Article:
France’s government-backed Centre National du Cinema film board has established guidelines for converting screens to digital.
Although there is no one-size-fits-all strategy for Europe’s digital cinema switchover, CNC policy — a mixed model of public sector intervention and private sector initiative — will be studied and adapted by many Western Europe governments.
“Everyone’s waiting for the French,” said David Hancock, Screen Digest head of film and cinema.
CNC intervention will cut two ways: public subsidies for smaller cinema conversion and a bank loan guarantee scheme co-ordinated with France’s Ifcic semi-public bank, said Lionel Bertinet, CNC deputy director of film in charge of digital cinema.
The CNC will coordinate subsidies with municipal and regional authorities and the EU Media Program, Bertinet added. The CNC aims to launch its digital conversion system by the end of June.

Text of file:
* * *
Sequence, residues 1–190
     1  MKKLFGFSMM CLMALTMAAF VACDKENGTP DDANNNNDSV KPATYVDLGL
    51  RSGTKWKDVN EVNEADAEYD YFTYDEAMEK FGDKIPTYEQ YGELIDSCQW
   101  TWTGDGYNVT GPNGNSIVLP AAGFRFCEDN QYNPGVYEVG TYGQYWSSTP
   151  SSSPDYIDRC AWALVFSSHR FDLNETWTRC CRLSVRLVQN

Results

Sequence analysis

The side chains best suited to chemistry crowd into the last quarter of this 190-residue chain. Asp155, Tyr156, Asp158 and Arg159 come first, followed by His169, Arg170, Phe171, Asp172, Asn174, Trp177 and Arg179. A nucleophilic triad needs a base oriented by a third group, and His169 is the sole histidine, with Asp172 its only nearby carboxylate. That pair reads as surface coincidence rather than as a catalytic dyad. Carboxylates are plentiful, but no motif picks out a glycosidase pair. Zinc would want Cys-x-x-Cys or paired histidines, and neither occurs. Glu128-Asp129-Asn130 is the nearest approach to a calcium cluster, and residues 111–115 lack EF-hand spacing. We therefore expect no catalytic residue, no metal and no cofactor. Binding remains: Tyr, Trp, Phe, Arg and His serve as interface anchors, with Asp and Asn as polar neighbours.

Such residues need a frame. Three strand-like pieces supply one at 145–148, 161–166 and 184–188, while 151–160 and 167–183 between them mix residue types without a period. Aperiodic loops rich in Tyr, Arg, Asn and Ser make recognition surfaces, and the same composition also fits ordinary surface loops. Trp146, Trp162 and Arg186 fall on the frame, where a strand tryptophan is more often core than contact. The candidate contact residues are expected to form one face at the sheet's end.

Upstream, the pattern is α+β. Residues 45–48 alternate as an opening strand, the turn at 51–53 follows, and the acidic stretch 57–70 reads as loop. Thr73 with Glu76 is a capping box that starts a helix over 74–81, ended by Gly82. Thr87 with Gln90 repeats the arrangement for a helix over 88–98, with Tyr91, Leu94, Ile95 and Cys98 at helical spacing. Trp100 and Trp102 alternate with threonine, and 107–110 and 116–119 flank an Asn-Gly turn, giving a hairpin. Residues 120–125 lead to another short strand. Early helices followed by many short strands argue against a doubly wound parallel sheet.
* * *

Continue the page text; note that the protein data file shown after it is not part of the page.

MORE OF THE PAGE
According to Bertinet, subsidies will target sites that won’t interest third-party facilitators offering Virtual Print Fee deals — where distributors pony up most conversion costs working through digital deployment integrators such as Paris-based Ymagis. These third-party facilitators then ink financing deals with theaters.
The VPF model “will not alone be able to ensure the complete switchover to digital cinema” in France, Bertinet said.
Subsidized theaters will be hardtops with a low turnover in programming, often France’s 1,219 single-screen sites — according to 2008 figures — most often found in rural areas or small towns.
Bank loan guarantees are open to any theater, but will be capped. Subsidies target screens in under 50-screen theater circuits, Bertinet said.
CNC funding amounts for digital conversion are still under discussion.
France is Europe’s digital frontrunner: Once a 3D laggard, France boasted 959 digital screens year-end 2009 and 710 3D screens, according to Hancock.
He estimates Gaul will have 1,437 digital screens by year-end, 905 in 3D.